Super Keyword in Java, What you should do: Add a constructor to your super class: public Superclass { public SuperClass(String flavour) { // super class constructor� The fact that the subclass constructor has parameters of the superclass type is basically irrelevant as far as Java is concerned - it's just a coincidence. You need to follow all the normal rules of Java, which in this case means chaining to a superclass constructor.

make

    private String flavour;

public,otherwise your subclasses won't have access to this String. Your superclass doesn't know about existence of any subclass. According to Java documentation, "private" makes any variable and method available within that class,where private variable or method was declared, no any class has access to it,even subclasses. Once you chance your access modifier, you won't get any errors.

Calling superclass from a subclass constructor in Java, Whenever you inherit/extend a class, a copy of superclass's members is created in the subclass object and thus, using the subclass object you� Invocation of a superclass constructor must be the first line in the subclass constructor. The syntax for calling a superclass constructor is. super (); or: super (parameter list); With super (), the superclass no-argument constructor is called.

How to call the constructor of a superclass from a constructor in java?, To invoke the superclass constructor, our constructor calls super(). super is a reserved word in Java. One of its uses is to invoke the constructor method of a� In constructor, you need to call super() as a first statement (if you call it explicitly). On regular methods you call it wherever you want depending on your app logic needs. For example at the beginning if you want to add extra steps after call or at the end if you add extra check. – Michał Šrajer Jul 1 '17 at 14:00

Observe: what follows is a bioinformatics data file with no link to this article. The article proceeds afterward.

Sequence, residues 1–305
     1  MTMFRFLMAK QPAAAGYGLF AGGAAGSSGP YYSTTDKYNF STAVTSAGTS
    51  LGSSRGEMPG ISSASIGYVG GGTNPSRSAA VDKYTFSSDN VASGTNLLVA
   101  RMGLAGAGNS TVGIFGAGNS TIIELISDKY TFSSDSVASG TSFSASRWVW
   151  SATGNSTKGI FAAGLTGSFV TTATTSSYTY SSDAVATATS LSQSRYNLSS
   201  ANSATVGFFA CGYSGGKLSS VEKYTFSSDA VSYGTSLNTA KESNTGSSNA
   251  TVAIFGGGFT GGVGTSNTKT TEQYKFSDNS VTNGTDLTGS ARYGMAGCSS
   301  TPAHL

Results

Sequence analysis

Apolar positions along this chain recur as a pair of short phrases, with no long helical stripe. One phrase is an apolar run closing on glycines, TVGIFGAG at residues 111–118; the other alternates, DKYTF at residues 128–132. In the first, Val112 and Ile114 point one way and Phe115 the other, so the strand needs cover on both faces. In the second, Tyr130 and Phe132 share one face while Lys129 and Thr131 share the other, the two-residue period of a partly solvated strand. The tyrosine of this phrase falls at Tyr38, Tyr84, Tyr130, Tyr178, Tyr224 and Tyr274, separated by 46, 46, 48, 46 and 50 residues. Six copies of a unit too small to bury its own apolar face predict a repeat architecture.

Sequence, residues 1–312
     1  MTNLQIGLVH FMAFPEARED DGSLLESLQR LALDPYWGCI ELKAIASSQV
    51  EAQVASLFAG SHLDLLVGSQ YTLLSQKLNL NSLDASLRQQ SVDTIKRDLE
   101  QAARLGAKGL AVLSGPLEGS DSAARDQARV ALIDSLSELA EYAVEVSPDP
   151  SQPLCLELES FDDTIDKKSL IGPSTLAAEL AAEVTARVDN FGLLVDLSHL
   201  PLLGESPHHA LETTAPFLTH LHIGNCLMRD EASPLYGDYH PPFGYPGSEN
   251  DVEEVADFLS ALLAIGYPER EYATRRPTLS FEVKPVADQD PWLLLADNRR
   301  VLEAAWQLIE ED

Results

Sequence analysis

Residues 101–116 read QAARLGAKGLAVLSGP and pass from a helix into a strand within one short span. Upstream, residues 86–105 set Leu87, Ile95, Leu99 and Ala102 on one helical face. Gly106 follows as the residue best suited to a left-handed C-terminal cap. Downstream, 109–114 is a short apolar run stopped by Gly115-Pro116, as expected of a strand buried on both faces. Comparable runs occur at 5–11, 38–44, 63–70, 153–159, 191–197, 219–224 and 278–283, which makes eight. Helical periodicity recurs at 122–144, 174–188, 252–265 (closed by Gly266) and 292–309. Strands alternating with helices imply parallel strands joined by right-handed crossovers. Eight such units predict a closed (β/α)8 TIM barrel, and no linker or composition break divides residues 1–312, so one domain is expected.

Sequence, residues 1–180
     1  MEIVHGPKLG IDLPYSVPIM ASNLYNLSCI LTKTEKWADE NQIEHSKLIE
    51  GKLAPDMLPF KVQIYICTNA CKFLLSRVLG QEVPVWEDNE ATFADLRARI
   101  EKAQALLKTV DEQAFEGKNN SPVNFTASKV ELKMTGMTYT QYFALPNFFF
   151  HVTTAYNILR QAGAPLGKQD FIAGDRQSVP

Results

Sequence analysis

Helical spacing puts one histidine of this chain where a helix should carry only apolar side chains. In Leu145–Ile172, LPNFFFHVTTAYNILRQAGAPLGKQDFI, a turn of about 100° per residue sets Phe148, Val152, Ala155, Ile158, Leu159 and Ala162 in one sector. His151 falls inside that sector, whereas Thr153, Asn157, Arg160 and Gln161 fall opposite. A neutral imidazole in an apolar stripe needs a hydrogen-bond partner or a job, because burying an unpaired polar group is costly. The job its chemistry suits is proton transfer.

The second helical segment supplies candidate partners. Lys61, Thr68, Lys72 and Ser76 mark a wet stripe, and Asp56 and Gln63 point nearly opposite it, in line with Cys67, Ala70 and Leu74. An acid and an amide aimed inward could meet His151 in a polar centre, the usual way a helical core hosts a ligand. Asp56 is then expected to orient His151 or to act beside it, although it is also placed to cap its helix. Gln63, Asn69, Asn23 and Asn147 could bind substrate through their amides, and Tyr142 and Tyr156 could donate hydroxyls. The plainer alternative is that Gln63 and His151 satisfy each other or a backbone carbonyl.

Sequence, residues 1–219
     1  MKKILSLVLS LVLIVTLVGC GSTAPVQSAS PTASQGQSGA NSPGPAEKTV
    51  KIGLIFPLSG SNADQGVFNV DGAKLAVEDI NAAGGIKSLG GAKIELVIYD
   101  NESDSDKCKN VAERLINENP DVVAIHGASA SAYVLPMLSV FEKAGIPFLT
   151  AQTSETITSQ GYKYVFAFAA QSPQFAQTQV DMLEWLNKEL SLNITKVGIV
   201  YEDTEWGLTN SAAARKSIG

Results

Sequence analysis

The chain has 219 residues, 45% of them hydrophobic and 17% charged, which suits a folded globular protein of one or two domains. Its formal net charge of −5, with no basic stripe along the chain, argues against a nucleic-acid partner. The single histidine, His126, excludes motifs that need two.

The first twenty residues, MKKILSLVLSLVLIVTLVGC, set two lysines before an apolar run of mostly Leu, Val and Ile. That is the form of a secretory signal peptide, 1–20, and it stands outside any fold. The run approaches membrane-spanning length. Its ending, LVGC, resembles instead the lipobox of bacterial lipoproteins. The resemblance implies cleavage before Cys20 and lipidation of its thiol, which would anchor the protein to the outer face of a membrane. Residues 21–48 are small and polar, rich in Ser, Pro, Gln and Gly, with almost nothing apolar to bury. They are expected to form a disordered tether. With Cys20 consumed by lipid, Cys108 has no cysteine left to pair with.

Subclasses and Inheritance (Java in a Nutshell), There is an implicit call to super () with no arguments for all classes that have a parent - which is every user defined class in Java - so calling it explicitly is usually not required. However, you may use the call to super () with arguments if the parent's constructor takes parameters, and you wish to specify them.

To make sure the Person is properly constructed, the compiler adds an implicit call to super() in the Employee constructor: class Employee extends Person { Employee(int id) { super(); // implicitly added by the compiler.

Comments
  • Euh, what you have should work fine. Are you sure you are showing us the true code?
  • Please post a SSCCE to replicate your problem.
  • Is title declared in crisps or in the parent class?
  • oh title is an error from a different class, it should have said flavour
  • @ipinto.eu while your answer is correct and so is your solution, your last alternative solution in your answer (using setters of superclass) violates the rule of inheritance, I suppose, as it would give the "Overridable method call in constructor" problem. Hence, you last alternative solution is not an actual solution, but would bring bugs within the code. I think, super.setFlavour(flavour) should work.
  • I understand and agree; I must say, the example was for the sake of the discussing. I like your suggestion of calling it using super, Other options (and different philosophy) is to make your setters final (not possible to override).
  • ok, is there anyway to do it by calls to the public method getFlavour?
  • @user215732 getFlavour does just that. It gets flavour. You cannot use this to assign a value to flavour. If it returned a mutable object then you could modify the actual flavour, but in this case strings are immutable.
  • @user215732 Your crisps constructor has a parameter flavour but you are doing nothing with it, as your code is currently written.
  • @user215732 Create a public setter.
  • @SotiriosDelimanolis It'll sure look funny after he adds a setter. super.setFlavour(super.getFlavour()); Granted, it looks pretty funny now.